Daddy Longlegs Used To Have An Extra Pair Of Eyes
Daddy longlegs, officially named Harvestmen, had an extra pair of eyes 305 million years ago. The discovery comes after finding a fossil in France, something incredibly rare for these tiny creatures.
Daddy longlegs are on every continent except Antarctica. They come in a variety of sizes, but all species of longlegs have only one pair of eyes. This sets the longlegs apart from other spiders, which commonly have eight pairs of eyes. In fact, longlegs have closer relatives than spiders – scorpions, mites and ticks are closer family.
But 305 million years ago the daddy longlegs were trying harder to blend in with their spider cousins. A fossil sample was taken to scientists at the American Museum of Natural History in New York City and the University of Manchester in England. They scanned the fossil using sophisticated x-ray techniques, and the high resolution scan revealed an extra pair of eyes. Modern day longlegs have either median eyes or lateral eyes – eyes located either near the middle of the body or on the side. The ancient longlegs ancestor had both. On closer look, it turns out that all daddy longlegs have a pair of unused “eye stalks” where the 305 million-year-old longlegs had used both.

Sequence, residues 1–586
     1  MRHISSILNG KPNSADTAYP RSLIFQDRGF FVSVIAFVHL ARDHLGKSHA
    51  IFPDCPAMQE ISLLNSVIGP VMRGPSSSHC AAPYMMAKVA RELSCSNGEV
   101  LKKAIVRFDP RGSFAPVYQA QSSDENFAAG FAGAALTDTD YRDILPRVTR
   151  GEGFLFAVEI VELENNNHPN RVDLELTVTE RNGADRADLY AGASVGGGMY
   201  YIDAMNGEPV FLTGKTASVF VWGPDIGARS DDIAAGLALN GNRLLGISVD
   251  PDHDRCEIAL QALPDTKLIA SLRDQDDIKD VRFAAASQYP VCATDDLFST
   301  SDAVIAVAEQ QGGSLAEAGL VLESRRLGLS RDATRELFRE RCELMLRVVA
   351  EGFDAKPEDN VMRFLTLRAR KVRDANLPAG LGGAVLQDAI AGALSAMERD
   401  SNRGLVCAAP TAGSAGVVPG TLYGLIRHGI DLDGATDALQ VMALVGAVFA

It’s amazing that the ancient longlegs’ fossil survived. Longlegs are so tiny that any fossilized remains are easily crushed. This particular longlegs fossil was “compacted into rock, an iron carbonate mineral called siderite grew around it to form a nodule, otherwise known as a concretion,” according to study leader Russell Garwood, a paleontologist at the University of Manchester. He explained that, “Arachnid eyes in general are pretty variable, and different groups tend to lose or modify their eyes quite a bit”.
Why daddy longlegs evolution chose to forgo the extra pair is unknown. Unlike most spiders, longlegs scavenge for decaying plants and animals on the forest floor. This could explain why spiders kept their many eyes and longlegs did not. Hunters need sharp senses and expert sight – the same characteristics that inspired Spider Man. Scavengers can manage with less and daddy longlegs make do with their one set to navigate the leafy underworld. Most of their senses are used to detect threats and their next meal.
The big score for Garwood’s team has been finding something previously never questioned, revealing the marvels of evolution. He said, “This work shows that by combining evolutionary-developmental biology, fossils, and evolutionary biology, we can explain otherwise enigmatic features in living groups.”